Since the summer of 2015, the YieldCo sector as a whole has been turbulent. Low oil prices have had an unexpected impact as MLP investors, seeking higher yield, demanded the same of YieldCos. There has also been a general trend of diversifying away from energy market exposure across investors. And perhaps most saliently, there were a series of negative company specific events during this time period, most notably from SunEdison, that gave investors reasons to be skeptical. Uncertainty also remains surrounding future growth expectations and if YieldCos will be able to maintain their yields as access to capital becomes increasingly uncertain. If growth slows, yields will increase and the ability to fund accretive acquisitions will be hampered. As investors began to feel the impacts of macroeconomic and microeconomic shocks during the

summer of 2015, the viability of the YieldCo financing vehicle was put into question.

We explore several explanations for the sector's turbulence since 2015 to explain what factors caused the YieldCo market collapse in 2015 and whether the devaluation was a one-time market correction or a signal of an inherently flawed corporate structure. Our findings show that YieldCo performance was significantly correlated with negative sponsor events, and MLP performance (and concurrently oil prices), but that these correlations have decreased over time.

Post-summer, the YieldCo market stabilized and has begun to recover as investors and analysts focus on the firm-specific characteristics of each YieldCo, rather than treating all firms as equivalent entities..

Our overall view is that YieldCos are not inherently flawed and that the events of 2015 were temporary setbacks. However, we propose improvements project valuation methods, and project expiration valuation of YieldCos that may significantly improve the structure. This assessment of the YieldCo financing vehicle can be used to inform future action in the sector, as well as renewable energy financing more broadly.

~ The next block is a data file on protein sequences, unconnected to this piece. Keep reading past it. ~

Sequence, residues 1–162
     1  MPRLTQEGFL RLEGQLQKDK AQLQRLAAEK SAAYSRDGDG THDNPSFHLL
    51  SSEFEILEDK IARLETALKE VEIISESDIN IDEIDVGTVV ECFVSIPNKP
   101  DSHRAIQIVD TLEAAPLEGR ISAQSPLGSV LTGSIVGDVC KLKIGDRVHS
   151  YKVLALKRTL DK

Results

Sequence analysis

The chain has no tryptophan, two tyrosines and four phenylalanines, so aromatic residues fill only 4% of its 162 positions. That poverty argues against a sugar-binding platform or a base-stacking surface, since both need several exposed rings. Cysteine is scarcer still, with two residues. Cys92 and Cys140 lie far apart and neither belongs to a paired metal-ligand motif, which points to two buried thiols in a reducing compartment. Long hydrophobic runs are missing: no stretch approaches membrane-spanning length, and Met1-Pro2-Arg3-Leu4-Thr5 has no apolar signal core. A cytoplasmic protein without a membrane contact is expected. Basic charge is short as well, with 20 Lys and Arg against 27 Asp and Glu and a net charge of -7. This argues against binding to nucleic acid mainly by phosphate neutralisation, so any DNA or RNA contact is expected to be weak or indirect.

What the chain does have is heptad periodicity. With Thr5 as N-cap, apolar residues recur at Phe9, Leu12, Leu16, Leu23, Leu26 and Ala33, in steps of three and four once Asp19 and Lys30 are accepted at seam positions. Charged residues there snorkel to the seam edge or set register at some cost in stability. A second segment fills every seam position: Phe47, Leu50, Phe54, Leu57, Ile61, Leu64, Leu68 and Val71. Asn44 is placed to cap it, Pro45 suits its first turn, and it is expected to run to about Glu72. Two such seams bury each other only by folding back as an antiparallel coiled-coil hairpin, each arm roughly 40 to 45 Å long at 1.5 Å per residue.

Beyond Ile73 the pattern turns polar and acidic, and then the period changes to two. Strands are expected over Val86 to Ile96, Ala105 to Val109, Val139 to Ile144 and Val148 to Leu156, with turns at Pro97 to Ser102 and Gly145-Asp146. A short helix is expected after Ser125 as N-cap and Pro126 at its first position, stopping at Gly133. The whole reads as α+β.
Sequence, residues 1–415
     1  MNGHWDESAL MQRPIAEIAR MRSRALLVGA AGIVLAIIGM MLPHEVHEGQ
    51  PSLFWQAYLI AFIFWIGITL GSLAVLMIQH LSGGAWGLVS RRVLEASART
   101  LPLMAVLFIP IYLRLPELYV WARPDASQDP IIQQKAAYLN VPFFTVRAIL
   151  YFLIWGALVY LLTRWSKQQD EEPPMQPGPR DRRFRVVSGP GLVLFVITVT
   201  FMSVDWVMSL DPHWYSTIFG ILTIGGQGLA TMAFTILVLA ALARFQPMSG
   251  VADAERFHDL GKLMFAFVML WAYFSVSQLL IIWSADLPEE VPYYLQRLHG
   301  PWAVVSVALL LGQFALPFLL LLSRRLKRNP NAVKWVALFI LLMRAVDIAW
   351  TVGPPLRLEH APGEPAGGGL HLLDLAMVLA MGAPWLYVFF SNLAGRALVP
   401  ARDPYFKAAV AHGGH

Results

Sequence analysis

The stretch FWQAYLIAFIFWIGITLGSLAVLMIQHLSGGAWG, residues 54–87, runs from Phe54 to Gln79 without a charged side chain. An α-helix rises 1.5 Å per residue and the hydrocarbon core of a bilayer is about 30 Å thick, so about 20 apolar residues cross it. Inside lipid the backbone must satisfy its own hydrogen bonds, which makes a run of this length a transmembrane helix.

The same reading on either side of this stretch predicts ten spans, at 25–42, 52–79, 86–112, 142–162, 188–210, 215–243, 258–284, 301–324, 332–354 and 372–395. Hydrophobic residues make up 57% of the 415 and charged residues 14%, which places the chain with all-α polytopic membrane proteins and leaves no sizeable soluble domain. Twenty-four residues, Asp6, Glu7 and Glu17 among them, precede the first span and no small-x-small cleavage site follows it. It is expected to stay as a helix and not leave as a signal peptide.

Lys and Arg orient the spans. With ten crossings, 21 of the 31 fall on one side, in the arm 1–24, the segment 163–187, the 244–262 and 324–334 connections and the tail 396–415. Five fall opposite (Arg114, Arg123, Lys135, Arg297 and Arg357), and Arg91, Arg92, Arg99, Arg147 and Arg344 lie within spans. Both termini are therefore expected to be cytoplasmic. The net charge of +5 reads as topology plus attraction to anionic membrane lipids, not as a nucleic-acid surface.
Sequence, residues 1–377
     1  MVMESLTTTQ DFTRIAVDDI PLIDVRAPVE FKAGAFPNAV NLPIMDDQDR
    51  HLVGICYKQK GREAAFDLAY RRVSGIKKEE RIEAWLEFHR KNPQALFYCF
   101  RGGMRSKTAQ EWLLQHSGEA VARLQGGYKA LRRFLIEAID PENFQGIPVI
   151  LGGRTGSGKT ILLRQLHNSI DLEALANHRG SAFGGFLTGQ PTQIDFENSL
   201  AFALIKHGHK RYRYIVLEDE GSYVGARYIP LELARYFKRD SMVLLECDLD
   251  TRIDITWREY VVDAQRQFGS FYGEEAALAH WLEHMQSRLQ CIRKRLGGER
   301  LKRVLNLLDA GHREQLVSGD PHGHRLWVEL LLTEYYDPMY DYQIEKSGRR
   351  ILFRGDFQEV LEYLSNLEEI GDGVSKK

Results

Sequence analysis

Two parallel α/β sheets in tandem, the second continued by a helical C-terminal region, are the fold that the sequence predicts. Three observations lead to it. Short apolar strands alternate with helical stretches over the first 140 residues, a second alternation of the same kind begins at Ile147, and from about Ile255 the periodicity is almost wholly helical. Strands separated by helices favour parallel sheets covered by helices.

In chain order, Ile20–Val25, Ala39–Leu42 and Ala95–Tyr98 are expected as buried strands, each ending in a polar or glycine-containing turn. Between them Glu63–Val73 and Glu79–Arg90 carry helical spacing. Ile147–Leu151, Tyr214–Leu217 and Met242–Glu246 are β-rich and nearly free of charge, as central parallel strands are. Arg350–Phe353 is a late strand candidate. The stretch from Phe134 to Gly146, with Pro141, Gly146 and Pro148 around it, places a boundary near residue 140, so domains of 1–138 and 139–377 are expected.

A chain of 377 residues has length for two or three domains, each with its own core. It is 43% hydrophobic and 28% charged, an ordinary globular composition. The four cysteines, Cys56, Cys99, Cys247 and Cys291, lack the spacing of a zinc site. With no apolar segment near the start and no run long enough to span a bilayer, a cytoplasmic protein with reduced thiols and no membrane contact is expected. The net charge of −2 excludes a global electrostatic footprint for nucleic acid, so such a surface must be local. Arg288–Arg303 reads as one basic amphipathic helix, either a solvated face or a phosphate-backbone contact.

Current Solar PV scenario

Worldwide growth of photovoltaics has been close to exponential between 1992 and 2018. By the end of 2018, global cumulative installed PV capacity reached about 512 gigawatts, which is sufficient to supply about 3% of global electricity demand3. Solar PV showed record 40% growth in power generation in 2017 and is well on track to meet its (SDS) target, which requires average annual growth of 17% between 2017 and 20304. Solar has ranked first or second in new electric capacity additions in each of the last 6 years5.  Following is the graphs showing the installed solar capacities till 2017 and the projections for the two years taken from Bloomberg New Energy Finance.  

[pic 1]

After stating some facts and current trends about solar PV let’s move to what actually it takes to power this world with Solar PV. To get a sense, let’s get to what Elon Musk said “If you wanted to power the entire U.S. with solar panels, it would take a fairly small corner of Nevada or Texas or Utah; you only need about 100 miles by 100 miles of solar panels to power the entire United States. The batteries you need to store the energy, to make sure you have 24/7 power, is 1 mile by 1 mile. One square-mile. That’s it.” This just an idea in terms of area of land and storage that is fundamental. To depict in a global picture let’s get to what Mehran Moalem Professor  at UC Berkeley cited in an Forbes article-The total world energy usage in 2015 was 13,000 Million Ton Oil Equivalent (13,000 MTOE) - see  This translates to 17.3 Terawatts continuous power during the year. Now, if we cover an area of the Earth 335 kilometers by 335 kilometers with solar panels, even with moderate efficiencies achievable easily today, it will provide more than 17.4TW power. This area is 43,000 square miles. The Great Saharan Desert in Africa is 3.6 million square miles and is prime for solar power (more than twelve hours per day). That means 1.2% of the Sahara desert is sufficient to cover all of the energy needs of the world in solar energy. The cost of the project will be about five trillion dollars, onetime cost at today's prices without any economy of scale savings.